In the impoverished ecosystem of contemporary print media, New York magazine has styled itself as a venue for rigorous, often wry, and overtly left-leaning journalism. More playful than The Atlantic. Less conservative than The Atlantic. And with more of an old-school commitment to voice-driven narratives than you might find in, say, The Atlantic.
They have built that reputation on the back of well-reported features in particular, often about issues related to social justice. But the magazine’s latest cover story was a missed opportunity for both transparency and righting social wrongs. Last week, we outlined some of the crucial omissions in “Canceled at 17,” a lengthy feature about the social plight of a high school student who had been “canceled” after showing a naked picture of his girlfriend to friends at a party. Now, it appears that the piece withheld some even more relevant context: that one of writer Elizabeth Weil’s children attended the school at the center of the story.
As we noted, Weil’s article is anonymized: stripped of real names, any specific locations, and all but a few vague dates. This both shielded the identities of the story’s subjects, and framed their experience as a grim emblem of the social justice moment. But in pursuit of that anonymity, the magazine chose not to disclose the fact that Weil had been a part of the school’s community at the same time as the protagonist. (We are not naming the child or school to protect the subjects' privacy).
A personal relationship to a story does not always constitute a conflict of interest; reporters find ways into stories through such avenues all the time. (A spokesperson for New York said that, while the magazine knew about the connection, they did not find that it rose to the level of a conflict of interest. “This story was thoroughly vetted, and we stand behind its integrity,” said Lauren Starke, Vox Media’s Senior Vice President of Communications.) But the key to navigating such conflicts is being straightforward about potential bias. That’s why most editorial standards, including New York’s own, recommend that a “personal or family relationship” result in either recusal from coverage, or more typically, a public disclosure.
One can imagine a version of Weil’s piece that does the latter. If anything, an honest accounting of her personal connection and the attendant emotions might have strengthened her story. But New York was faced with an editorial conundrum: Being frank about Weil’s involvement in the story would risk subjecting its underage sources to public scrutiny. It would have also revealed the piece for what it was: a personal, and by extension, particular, story — not, as it purported to be, a sweeping parable of the times. That tension presents an inherent flaw in the assignment. In omitting the relationship, New York contorted their material to make a tidy allegory about cancel culture. They stripped a potentially sharp piece of its complexity — the gray area in which most good stories, and especially those on sexual assault, reside.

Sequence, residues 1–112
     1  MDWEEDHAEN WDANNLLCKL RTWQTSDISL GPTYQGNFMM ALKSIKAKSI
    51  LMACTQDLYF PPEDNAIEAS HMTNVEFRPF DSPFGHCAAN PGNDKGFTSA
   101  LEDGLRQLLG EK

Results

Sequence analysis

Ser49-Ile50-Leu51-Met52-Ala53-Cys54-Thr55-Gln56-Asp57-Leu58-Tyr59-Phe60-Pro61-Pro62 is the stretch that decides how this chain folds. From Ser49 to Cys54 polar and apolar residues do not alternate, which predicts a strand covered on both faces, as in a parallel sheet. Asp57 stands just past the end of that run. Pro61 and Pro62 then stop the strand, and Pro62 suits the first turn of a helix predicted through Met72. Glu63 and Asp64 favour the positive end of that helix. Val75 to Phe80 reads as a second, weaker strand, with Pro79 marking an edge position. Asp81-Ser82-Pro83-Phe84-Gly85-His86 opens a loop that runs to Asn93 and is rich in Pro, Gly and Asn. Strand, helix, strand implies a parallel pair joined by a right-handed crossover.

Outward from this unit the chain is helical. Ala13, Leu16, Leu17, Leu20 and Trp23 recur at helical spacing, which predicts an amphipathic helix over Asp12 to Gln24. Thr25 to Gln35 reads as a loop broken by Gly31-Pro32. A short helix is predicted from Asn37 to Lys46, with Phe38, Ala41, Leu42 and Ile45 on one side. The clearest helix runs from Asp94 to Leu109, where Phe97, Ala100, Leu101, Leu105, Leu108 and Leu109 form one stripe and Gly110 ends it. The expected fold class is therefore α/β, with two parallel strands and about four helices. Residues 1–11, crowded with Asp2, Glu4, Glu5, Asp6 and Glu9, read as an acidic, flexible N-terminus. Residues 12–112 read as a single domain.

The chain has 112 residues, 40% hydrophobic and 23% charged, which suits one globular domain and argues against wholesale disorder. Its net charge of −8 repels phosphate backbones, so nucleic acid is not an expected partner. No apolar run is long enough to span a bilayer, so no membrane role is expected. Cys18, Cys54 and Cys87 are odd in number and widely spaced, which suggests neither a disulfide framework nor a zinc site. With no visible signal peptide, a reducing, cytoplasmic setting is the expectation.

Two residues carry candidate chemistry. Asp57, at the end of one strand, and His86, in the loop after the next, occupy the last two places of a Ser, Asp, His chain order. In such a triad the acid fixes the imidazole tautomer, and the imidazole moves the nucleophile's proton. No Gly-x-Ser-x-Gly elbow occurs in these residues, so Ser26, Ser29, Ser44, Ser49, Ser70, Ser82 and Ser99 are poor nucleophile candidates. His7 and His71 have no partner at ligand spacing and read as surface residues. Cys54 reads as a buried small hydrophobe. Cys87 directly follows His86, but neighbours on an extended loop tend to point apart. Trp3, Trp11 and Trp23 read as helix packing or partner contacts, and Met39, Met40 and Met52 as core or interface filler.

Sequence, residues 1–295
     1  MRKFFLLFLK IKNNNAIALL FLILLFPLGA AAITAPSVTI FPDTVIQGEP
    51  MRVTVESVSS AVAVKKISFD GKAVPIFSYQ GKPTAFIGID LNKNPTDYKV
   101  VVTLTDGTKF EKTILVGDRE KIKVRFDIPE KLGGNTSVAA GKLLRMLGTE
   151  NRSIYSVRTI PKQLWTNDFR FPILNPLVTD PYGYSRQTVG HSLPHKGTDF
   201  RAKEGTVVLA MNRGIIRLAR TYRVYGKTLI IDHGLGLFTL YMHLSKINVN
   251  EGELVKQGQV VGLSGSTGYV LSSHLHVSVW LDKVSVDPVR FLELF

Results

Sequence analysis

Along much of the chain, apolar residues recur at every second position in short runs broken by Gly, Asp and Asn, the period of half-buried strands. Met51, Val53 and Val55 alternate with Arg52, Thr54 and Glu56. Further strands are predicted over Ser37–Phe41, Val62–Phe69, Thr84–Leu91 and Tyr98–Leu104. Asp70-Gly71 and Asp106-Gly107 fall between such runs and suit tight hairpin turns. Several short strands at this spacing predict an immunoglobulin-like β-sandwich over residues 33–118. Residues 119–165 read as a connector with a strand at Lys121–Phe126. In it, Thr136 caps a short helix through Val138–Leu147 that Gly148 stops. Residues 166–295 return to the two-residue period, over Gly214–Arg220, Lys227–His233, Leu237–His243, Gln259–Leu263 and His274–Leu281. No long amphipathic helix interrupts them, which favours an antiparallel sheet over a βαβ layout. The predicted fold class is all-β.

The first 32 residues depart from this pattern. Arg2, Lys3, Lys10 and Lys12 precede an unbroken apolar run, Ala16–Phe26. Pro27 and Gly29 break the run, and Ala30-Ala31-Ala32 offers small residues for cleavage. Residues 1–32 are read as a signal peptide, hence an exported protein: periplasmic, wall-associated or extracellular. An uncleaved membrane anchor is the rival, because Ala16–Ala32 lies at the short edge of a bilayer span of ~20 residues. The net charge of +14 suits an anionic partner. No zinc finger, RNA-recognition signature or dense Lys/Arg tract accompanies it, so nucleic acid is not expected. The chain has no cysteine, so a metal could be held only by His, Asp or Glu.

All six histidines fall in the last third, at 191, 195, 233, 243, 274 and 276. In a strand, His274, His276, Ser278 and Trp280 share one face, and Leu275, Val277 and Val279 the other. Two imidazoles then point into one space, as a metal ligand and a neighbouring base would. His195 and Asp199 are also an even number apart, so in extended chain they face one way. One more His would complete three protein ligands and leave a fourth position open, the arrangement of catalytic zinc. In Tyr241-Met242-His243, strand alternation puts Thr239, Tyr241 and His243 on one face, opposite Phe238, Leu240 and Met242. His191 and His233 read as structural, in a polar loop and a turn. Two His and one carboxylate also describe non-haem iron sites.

Disclosing Weil’s relationship to the school would have contextualized the tenor of the story, which, as many people pointed out, was distinctly sympathetic to its protagonist. Withholding it, on the other hand, left several factors unaddressed. For one, it obscured the fact that the incident and subsequent walkout in question came as a response to a wave of Bay Area protests over how the region’s schools handled Title IX violations. For another, if Weil had a relationship with the protagonist or his parents, it might have colored her understanding of the situation (post-publication, Weil clarified to Gawker that she had no personal relationship with the protagonist or his parents prior to her reporting). And finally: If this incident was, as Weil made it seem, a big deal within this relatively small high school, it seems likely that Weil’s relative could have known someone involved.
One irony of “cancel culture” is that, in attempting to diagnose a social moment prone to outrage and accusal (one which, if you believe its critics, often disregards due process), the term dispenses with nuance itself. Victims are either canceled or not. There is little space to gauge the relative impact of crimes versus social consequences. Lives are ruined on both sides. In throwing its institutional weight behind a so-called “canceled” male teen who unambiguously violated a female teen, New York suggested an equivalency when in truth, there was none.
But they also missed a very real — and timely — opportunity to dissect the ripple effects of sexual misconduct from a more honest angle. A forthright account could have addressed the failures, both obvious and unexpected, of institutions tasked with safeguarding students; it could have examined the unsatisfying pursuit of extralegal accountability and its impacts on parents like Weil. It might have assessed how a culture so accustomed to conventional power, to the implicit importance of male reputation, responds when either is challenged. It is understandable that the magazine did not want to reveal Weil’s connection to the school. But then, perhaps, she was not the writer for this story.
Update: In a statement sent after this piece published, Weil said that she did not personally know the primary sources interviewed for the story.
Update II: In another statement, a spokesperson for Vox clarified that Weil's child had graduated before the events last fall: "She did not have a child at the school during the events described, nor any ongoing relationship with the school."